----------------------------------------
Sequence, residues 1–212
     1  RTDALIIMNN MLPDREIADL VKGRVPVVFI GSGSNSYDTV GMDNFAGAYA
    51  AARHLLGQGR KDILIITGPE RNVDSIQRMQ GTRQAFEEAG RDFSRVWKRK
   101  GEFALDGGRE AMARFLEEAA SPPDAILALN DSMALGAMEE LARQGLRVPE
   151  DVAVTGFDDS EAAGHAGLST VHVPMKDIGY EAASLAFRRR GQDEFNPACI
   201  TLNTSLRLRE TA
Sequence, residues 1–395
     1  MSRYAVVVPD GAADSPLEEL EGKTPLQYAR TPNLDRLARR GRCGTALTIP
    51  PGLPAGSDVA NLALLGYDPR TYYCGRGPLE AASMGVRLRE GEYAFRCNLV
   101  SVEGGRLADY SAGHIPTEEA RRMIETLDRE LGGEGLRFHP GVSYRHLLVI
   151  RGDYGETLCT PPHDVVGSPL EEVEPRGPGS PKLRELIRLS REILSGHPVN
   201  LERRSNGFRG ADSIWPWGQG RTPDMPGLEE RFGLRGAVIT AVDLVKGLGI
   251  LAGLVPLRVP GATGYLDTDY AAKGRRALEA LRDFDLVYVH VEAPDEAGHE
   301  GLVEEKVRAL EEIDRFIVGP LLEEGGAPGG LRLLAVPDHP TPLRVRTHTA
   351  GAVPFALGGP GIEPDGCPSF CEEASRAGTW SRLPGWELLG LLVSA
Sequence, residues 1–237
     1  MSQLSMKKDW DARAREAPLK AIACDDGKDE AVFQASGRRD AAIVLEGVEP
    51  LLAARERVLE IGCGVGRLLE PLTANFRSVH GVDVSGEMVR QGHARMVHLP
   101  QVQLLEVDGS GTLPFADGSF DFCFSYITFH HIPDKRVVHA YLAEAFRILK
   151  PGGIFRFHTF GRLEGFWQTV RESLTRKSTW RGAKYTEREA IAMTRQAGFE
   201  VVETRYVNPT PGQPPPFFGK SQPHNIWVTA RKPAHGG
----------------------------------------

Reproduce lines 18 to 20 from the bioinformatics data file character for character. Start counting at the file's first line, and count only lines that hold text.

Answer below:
    51  LLAARERVLE IGCGVGRLLE PLTANFRSVH GVDVSGEMVR QGHARMVHLP
   101  QVQLLEVDGS GTLPFADGSF DFCFSYITFH HIPDKRVVHA YLAEAFRILK
   151  PGGIFRFHTF GRLEGFWQTV RESLTRKSTW RGAKYTEREA IAMTRQAGFE